Due to the remarkable achievements made in the natural sciences since the Renaissance period, seventeenth-century philosophy regarded the mechanistic view of nature as absolute truth, and tried not to contradict it. Rationalism tried to provide a foundation for the mechanistic view of nature from a fundamental standpoint. Its representative proponent was René Descartes (1596-1650). Descartes considered the mathematical method to be the only true method; thus, as in mathematics, he first looked for an intuitive truth that was obvious to everyone, and then based upon that, he sought to develop a new, certain truth deductively.

Thus, there arose the question of how one could seek an intuitive truth that could become the starting point of philosophy. Descartes’ method was to doubt as much as he could in order to pursue an absolutely reliable truth, which could then become the principle for all knowledge. Even though he doubted everything, however, he noticed that the fact that he, who doubted, existed could not be doubted. He expressed this in his famous proposition, “I think, therefore I am” (cogito ergo sum). Next, he asked why that proposition was certain without any proof, and he answered that it was because that proposition was clear and distinct. From that point he derived the general rule that “things we conceive very clearly and very distinctly are all true.” Cartesian doubt is not for the sake of doubt, but for the sake of discovering truth. It is called methodic doubt. Descartes tried to obtain sure knowledge by following the mathematical method, with which one starts with axioms that can be intuited clearly and distinctly, and then goes on to prove various propositions.

Hume’s Empiricism

Contrary to rationalism, represented by Descartes, empiricism, emerging in Britain, took the position of explaining mental phenomena on the basis of natural laws discovered empirically. In order to find a complete system of sciences, David Hume (1711-76) analyzed the mental processes of the human mind objectively, with a new method of finding truth. Through his search for the unchanging, natural laws in the human mind, Hume tried to clarify the foundation of all the sciences, wherein the human mind is involved.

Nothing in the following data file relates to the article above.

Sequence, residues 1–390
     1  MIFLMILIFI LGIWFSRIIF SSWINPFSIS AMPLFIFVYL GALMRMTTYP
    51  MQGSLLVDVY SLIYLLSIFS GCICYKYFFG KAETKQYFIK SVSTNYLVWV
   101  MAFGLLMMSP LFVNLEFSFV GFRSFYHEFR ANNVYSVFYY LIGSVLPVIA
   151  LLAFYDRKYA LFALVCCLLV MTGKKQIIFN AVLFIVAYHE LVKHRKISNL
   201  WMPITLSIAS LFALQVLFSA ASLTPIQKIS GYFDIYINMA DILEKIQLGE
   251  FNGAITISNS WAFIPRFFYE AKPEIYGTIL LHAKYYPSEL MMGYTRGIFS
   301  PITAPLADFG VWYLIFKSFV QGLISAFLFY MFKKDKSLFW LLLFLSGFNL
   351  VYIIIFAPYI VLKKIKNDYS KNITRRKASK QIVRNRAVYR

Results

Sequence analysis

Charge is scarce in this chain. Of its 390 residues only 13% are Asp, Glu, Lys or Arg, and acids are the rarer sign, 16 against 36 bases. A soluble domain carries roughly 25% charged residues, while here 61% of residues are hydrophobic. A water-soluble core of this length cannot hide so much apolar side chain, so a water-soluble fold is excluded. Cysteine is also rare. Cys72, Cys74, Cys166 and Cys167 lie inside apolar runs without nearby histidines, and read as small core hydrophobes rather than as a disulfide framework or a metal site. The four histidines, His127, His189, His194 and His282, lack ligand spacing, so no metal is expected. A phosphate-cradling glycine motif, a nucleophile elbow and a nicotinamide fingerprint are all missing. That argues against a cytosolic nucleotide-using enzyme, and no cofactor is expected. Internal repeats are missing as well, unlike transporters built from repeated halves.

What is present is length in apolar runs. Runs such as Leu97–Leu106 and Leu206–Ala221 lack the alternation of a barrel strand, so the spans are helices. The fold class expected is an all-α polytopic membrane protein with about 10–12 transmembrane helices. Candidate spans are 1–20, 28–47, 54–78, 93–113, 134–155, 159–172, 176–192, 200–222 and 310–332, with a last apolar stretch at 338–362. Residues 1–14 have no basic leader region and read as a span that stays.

Hume analyzed ideas, which are the elements of the human mind. According to Hume, when simple ideas are associated with each other to bring about complex ideas, there are three principles of association: resemblance, contiguity in time and space, and cause and effect. Among these three, he held that the resemblance of ideas and the contiguity of ideas are sure knowledge, whereas cause and effect is merely a subjective belief. As a result, Hume’s empiricism fell into skepticism, which asserted that objective knowledge can not be obtained even through inductive inference based on experience and observation. He came to deny all forms of metaphysics and even regarded the natural sciences as insecure.

Kant’s Transcendental Method

Immanuel Kant (1724-1804) started from the position of rationalism and natural science. He proclaimed that Hume had awakened him from his “dogmatic slumber,” by which he meant that he felt obliged by Hume’s criticism of causality to deal with the question of how causality could have objective validity. If causality remains a subjective belief, as Hume has stated, the law of cause and effect naturally loses its objective validity, and natural science, which is established on the basis of the law of cause and effect, ceases to be a system of truth with objective validity. Thus, Kant questioned how experience in general is possible, and how objective truth can be obtained. With his transcendental method he tried to solve these problems.

Kant reasoned that if, as Hume had said, cognition is wholly dependent on experience, we can never reach objective truth. So Kant, who pursued the question of how objective truth can be obtained, examined human reason critically and discovered that there exist a priori elements, or forms, within the subject. That is to say, Kant asserted that there exist a priori forms of cognition, common to every person, prior to experience. Those a priori forms are the intuitive forms of time and space and the pure concepts of understanding (categories). According to Kant, cognition is not achieved by grasping the actual object as it is, but the object of cognition is synthesized through the subject’s a priori forms.

Hegel’s Idealistic Dialectic

While Kant’s method was aimed at discovering how objective truth could become possible, the method of Georg Wilhelm Friedrich Hegel (1770-1831) is the logic of thought, called dialectic, which is identified with the logic of reality.